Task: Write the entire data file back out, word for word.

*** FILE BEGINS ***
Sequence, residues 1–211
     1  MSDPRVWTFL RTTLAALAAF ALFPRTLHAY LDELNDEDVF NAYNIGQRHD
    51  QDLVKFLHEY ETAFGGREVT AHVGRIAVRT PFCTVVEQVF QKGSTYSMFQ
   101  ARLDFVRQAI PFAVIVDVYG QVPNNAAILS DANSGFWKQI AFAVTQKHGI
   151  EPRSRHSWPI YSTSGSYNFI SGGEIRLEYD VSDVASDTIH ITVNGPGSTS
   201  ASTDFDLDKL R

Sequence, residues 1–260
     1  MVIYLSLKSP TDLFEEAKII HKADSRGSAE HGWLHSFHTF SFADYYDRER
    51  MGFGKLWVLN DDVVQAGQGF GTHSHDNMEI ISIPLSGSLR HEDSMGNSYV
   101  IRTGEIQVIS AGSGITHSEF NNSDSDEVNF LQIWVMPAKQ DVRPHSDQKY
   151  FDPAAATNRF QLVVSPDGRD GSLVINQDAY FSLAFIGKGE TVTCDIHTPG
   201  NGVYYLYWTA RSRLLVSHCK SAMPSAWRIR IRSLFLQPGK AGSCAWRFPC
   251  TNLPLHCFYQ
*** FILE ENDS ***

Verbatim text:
Sequence, residues 1–211
     1  MSDPRVWTFL RTTLAALAAF ALFPRTLHAY LDELNDEDVF NAYNIGQRHD
    51  QDLVKFLHEY ETAFGGREVT AHVGRIAVRT PFCTVVEQVF QKGSTYSMFQ
   101  ARLDFVRQAI PFAVIVDVYG QVPNNAAILS DANSGFWKQI AFAVTQKHGI
   151  EPRSRHSWPI YSTSGSYNFI SGGEIRLEYD VSDVASDTIH ITVNGPGSTS
   201  ASTDFDLDKL R

Sequence, residues 1–260
     1  MVIYLSLKSP TDLFEEAKII HKADSRGSAE HGWLHSFHTF SFADYYDRER
    51  MGFGKLWVLN DDVVQAGQGF GTHSHDNMEI ISIPLSGSLR HEDSMGNSYV
   101  IRTGEIQVIS AGSGITHSEF NNSDSDEVNF LQIWVMPAKQ DVRPHSDQKY
   151  FDPAAATNRF QLVVSPDGRD GSLVINQDAY FSLAFIGKGE TVTCDIHTPG
   201  NGVYYLYWTA RSRLLVSHCK SAMPSAWRIR IRSLFLQPGK AGSCAWRFPC
   251  TNLPLHCFYQ